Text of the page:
Fears council cuts could see recycling workers with special needs out of a job if proposals go ahead
PROPOSED council cuts might cost workers with special needs and learning difficulties their livelihoods at Kintyre Recycling Limited (KRL).
KRL bosses were shocked to learn during a meeting with Argyll and Bute council, on November 6, that recycling collections might be taken in house, rendering the Campbeltown Glebe Street charity operation, which employs 22 people, surplus to requirements.
Changes to amenity services are detailed in Argyll and Bute’s services choices consultation paper.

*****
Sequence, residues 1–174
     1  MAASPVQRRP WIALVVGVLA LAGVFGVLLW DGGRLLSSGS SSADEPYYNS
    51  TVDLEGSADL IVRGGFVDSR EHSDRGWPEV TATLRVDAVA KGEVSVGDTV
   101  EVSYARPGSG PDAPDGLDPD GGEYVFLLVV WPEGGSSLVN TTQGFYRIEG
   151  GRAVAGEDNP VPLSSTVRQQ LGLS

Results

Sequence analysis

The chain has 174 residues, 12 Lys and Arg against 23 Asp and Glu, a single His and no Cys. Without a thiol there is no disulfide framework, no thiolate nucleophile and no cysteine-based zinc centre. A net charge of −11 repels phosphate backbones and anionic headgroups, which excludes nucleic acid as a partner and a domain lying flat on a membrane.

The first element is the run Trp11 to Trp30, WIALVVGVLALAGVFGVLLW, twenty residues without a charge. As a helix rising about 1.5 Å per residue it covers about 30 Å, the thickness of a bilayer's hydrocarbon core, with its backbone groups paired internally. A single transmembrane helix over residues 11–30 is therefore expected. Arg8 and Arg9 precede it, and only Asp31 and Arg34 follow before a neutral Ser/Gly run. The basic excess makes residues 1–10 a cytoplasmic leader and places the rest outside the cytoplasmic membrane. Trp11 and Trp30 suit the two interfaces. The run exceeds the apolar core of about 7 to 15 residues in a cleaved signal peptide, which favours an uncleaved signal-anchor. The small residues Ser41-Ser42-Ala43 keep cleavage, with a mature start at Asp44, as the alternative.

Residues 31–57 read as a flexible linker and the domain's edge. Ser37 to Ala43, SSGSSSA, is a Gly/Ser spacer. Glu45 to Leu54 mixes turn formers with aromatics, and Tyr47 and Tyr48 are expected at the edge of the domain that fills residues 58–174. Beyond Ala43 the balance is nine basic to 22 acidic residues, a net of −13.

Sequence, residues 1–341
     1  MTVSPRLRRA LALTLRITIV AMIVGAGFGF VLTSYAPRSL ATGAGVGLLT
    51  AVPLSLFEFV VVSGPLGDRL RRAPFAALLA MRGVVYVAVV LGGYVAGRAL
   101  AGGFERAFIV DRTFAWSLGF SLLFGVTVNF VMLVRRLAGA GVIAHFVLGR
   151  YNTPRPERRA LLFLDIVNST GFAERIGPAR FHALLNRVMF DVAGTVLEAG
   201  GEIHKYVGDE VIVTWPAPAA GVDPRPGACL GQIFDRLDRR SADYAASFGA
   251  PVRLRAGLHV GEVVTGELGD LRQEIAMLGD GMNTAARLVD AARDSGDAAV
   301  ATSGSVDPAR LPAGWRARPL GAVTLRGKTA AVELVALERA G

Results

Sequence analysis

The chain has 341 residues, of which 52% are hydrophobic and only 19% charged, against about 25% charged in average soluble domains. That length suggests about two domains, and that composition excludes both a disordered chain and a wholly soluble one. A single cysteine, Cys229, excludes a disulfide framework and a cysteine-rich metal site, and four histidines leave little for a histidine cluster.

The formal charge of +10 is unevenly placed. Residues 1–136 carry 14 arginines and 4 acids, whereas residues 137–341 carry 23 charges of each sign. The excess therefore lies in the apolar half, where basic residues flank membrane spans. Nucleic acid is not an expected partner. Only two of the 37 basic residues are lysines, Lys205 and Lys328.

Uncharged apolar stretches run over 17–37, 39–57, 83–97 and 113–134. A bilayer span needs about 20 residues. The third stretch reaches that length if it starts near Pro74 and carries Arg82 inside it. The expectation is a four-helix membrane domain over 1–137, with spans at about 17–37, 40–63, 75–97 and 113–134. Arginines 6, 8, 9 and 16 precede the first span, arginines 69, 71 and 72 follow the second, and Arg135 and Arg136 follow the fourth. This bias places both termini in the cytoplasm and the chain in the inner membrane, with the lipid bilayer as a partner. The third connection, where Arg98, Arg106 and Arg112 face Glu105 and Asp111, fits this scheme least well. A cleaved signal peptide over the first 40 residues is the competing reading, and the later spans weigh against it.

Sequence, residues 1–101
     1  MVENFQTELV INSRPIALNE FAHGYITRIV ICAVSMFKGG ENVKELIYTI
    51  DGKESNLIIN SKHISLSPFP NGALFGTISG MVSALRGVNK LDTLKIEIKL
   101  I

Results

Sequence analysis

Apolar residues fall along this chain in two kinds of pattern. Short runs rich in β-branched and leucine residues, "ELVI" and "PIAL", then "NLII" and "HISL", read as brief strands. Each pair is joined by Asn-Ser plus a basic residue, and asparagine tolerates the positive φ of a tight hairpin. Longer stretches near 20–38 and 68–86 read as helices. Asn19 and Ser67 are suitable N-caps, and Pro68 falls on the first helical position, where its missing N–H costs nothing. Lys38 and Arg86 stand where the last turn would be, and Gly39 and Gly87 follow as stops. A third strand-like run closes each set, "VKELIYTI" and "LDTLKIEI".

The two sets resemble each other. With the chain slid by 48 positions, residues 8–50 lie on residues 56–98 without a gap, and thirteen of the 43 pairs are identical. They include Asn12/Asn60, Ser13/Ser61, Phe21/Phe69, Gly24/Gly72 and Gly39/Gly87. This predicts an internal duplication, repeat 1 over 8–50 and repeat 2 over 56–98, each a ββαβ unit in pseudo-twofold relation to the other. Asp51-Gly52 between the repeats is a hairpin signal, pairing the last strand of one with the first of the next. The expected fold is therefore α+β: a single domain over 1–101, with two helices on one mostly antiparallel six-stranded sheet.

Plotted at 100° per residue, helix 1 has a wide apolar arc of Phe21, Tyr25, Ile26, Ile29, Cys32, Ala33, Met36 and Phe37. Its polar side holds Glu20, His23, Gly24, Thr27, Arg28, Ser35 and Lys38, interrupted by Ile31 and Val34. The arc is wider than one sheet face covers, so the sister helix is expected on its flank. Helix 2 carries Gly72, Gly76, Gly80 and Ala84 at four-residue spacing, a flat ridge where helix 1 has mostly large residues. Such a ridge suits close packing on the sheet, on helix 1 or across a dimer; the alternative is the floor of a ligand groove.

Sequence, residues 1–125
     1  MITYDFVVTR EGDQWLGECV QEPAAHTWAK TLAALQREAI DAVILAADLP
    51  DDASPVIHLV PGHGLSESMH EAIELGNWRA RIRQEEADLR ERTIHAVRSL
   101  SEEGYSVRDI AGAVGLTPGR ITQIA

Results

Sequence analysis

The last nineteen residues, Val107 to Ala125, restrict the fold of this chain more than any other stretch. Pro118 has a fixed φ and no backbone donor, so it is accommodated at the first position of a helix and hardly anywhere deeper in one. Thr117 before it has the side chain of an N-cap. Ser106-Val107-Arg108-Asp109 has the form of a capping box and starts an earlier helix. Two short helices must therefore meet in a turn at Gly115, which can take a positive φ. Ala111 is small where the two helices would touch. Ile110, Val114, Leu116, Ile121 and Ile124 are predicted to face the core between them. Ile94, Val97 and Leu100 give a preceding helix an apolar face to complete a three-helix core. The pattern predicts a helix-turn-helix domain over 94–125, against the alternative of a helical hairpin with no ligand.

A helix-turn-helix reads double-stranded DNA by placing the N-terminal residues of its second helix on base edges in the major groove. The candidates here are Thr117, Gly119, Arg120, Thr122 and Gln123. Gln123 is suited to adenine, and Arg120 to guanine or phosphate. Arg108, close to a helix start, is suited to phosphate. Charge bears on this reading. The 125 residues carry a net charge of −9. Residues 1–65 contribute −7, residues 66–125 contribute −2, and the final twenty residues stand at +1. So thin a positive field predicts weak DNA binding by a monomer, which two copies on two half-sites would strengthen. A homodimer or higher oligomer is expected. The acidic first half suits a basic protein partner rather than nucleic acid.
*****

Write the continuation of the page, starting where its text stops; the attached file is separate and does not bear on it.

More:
Under three policy options, there is a proposal to ‘move to a three-weekly collection for general waste but retaining fortnightly recycling collections’.
KRL receives £157,000 a year from Argyll and Bute to run its service and nearly matches that with income from sales and other sources.
Directors are unhappy there is no mention in the report of taking recycling collection services inhouse and removing the contract from KRL, nor is it mentioned as a potential third sector partner.
KRL believes that the cuts, intended to save money, will cost the economy of Kintyre £280,000, and the employment of many vulnerable workers.
25_c26recycle01 SHOCKED: KRL workers outside their new Ben Gullion Road premises in Campbeltown purchased for £41,230 this summer.